So travel seems to be about the only sufficient inducement to get me to put anything in here. Luckily, I am headed to Amsterdam on Tuesday, where I will continue to work for a bit while ensconced in a seemingly charming apartment that’s more or less right outside the heart of things. Obviously, being 6 hours ahead of the home office is a bit more awkward than being 3 hours behind it, but my plan is to wake up, do some museums or other sightseeing, and then work into the night, which sort of suits me anyways.
For reasons that I think are coupled tightly with the fact that I’m an excellent traveler, I am terrible at preparing to travel. I’ve gotten through a shocking amount of cleaning today, but there’s still a lot to do, and I haven’t done anything that even resembles packing. I’ve been in a bit of a funk lately, so it has been surprising to me that I’ve been able to plow through as much of the cleaning as I have. When I went out to DC, I definitely left things in a pretty sorry state. Progress, I guess.
So I turned 38 on Monday. That’s pretty grim, of course, but the fact is I’m in pretty good shape these days. I could have better habits, but I’m lean and do a remarkably good job of breathing, under the circumstances. What I have noticed is that my night-vision has started to suffer substantially of late. Because I live in a city, I don’t really notice this at night. Instead, I notice it when I enter a building or get on a bus with my sunglasses on. Stuff that I’ve gotten used to being really obvious has started to be difficult to ascertain under this very specific circumstance.
Made my semi-annual reading of “Some Motifs in Baudelaire” recently, and was compelled to wonder if I miss crowds. While in Paris over the summer, I noted that it was much more crowded than Portland, and at the time my feelings about that were pretty clear. A little quiet time with Walter, however, has made me wonder.
Portland is very nice, in its way, but I’ve never found it very compelling. I don’t want to go out and explore it very much. Obviously, it suits a lot of people. Perhaps the difference is that I’m the type who finds it refreshing to parry his own blows, as it were. It is certainly the case that I find it very comforting to go out into the world and not recognize anyone. I have often thought of myself as a bit agoraphobic, but perhaps the problem that keeps me indoors is more akin to paranoia.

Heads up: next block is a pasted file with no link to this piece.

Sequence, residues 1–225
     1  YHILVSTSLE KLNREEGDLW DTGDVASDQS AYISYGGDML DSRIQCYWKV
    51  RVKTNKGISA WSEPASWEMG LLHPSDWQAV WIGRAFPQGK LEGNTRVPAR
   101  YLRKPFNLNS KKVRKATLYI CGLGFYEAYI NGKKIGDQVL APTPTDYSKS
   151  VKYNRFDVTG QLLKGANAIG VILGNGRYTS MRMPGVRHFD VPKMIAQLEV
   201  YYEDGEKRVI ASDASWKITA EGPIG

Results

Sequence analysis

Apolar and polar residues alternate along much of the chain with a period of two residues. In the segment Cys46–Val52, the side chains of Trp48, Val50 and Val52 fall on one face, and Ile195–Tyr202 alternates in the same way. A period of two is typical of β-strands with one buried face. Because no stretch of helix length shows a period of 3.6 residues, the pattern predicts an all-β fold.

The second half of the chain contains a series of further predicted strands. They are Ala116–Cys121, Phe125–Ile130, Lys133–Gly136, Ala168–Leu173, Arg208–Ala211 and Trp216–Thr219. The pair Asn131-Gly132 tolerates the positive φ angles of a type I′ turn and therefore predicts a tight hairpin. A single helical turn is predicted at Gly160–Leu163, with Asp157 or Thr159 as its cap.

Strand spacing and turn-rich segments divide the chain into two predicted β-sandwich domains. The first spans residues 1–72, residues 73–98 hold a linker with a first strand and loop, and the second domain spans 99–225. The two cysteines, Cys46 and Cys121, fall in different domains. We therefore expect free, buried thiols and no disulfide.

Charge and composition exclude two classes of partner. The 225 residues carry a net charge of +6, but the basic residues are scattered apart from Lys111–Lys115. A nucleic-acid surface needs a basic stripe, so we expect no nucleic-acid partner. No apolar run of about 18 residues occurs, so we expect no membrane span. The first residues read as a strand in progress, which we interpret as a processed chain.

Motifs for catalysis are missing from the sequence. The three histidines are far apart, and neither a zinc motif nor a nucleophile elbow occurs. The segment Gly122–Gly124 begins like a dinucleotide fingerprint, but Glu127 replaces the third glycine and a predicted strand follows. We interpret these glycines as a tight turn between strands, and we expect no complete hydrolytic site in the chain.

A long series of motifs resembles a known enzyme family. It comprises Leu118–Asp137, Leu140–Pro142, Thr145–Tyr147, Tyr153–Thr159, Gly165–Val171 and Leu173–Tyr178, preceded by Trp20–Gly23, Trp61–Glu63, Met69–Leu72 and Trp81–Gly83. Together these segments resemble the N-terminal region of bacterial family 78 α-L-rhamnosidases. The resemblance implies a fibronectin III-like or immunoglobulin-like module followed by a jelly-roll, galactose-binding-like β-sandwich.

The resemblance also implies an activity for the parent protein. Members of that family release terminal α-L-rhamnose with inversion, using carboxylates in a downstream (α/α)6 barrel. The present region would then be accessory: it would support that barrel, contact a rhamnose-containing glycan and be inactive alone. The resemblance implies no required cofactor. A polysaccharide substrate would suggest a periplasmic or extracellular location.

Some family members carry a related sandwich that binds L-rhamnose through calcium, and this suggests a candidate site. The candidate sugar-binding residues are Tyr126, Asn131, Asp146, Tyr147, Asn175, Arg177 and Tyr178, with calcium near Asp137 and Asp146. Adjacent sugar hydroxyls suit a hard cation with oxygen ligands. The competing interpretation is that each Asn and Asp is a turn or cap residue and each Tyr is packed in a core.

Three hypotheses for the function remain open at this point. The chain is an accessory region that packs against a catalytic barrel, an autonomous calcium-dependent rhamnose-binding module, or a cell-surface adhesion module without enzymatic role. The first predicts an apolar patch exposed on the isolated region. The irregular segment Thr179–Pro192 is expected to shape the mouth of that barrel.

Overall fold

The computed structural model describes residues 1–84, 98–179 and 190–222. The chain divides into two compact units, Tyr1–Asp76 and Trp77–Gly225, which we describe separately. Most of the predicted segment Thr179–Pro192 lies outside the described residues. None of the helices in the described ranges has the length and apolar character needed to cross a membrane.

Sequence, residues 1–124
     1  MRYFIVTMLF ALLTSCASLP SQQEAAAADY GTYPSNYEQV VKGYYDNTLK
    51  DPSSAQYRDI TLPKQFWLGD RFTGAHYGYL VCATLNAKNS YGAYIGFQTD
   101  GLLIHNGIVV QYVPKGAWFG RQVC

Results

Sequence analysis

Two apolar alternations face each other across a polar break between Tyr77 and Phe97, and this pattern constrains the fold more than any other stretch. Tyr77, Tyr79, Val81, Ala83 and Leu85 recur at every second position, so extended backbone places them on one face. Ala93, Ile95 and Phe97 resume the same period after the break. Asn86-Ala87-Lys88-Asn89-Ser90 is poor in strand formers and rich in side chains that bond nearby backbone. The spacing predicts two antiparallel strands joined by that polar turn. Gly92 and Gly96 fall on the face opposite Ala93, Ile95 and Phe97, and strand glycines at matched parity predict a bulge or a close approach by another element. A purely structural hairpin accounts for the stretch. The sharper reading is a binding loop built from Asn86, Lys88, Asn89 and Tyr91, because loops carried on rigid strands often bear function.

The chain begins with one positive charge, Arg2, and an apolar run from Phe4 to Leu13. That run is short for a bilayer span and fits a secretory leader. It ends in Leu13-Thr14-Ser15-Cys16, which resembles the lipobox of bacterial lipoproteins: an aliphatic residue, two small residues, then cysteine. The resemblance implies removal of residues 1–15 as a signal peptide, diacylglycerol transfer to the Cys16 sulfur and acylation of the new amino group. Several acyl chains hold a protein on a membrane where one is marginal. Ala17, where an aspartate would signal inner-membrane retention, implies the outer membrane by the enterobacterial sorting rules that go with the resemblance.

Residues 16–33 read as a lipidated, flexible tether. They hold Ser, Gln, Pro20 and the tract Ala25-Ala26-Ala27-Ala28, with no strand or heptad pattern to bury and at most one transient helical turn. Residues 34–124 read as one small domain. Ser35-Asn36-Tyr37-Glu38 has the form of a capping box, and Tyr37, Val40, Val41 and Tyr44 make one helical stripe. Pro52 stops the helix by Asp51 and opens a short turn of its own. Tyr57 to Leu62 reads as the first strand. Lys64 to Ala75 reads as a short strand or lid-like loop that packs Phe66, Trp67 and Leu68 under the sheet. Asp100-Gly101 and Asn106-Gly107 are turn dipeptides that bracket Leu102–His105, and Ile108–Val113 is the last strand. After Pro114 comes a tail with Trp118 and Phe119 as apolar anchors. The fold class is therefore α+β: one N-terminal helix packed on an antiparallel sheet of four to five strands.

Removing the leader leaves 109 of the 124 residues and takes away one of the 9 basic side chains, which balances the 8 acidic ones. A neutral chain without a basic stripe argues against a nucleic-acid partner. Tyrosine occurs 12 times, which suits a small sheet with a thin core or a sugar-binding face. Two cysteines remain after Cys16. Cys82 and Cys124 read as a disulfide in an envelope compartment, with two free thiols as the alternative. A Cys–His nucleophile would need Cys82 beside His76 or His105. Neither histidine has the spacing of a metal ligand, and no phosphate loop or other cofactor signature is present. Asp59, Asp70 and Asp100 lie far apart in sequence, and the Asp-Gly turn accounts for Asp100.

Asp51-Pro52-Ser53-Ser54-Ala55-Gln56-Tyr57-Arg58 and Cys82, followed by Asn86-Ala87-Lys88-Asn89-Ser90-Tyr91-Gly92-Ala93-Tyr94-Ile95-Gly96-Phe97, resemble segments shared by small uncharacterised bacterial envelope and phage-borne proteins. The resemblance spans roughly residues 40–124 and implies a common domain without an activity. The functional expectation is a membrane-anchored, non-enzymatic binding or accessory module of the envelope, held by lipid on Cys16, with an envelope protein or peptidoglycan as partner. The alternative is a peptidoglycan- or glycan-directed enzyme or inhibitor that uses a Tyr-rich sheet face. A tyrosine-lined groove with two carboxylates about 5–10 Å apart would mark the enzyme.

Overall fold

So perhaps the solution is brunch at The Screen Door? The problem is that many crowded places have lousy crowds. Portlanders, accustomed to a certain amount of leeway, are lousy gatherers. I think it’s also worth nothing that while crowds were smooth in NY when I lived there in 98 and 99, but the time I went back for Draper, the sort of New York flow had been irreparably disrupted by the idea that New York was somewhere that everyone should go, rather than being a place for people whose temperament it suited.
In “Motifs” Benjamin frequently returns to how unlike the crowds of Paris are from the crowds of other cities. In the context of a discussion of Baudelaire, this takes the form of suggesting that at the time no other continental cities were as urbanized (and while London is discussed earlier, it doesn’t get compared at this point.) At any rate, while I did feel penned in over the summer, it is worth noting that Parisian crowds still know how to move quickly, efficiently, and safely (definitely feel more at risk from drivers here than I did there.)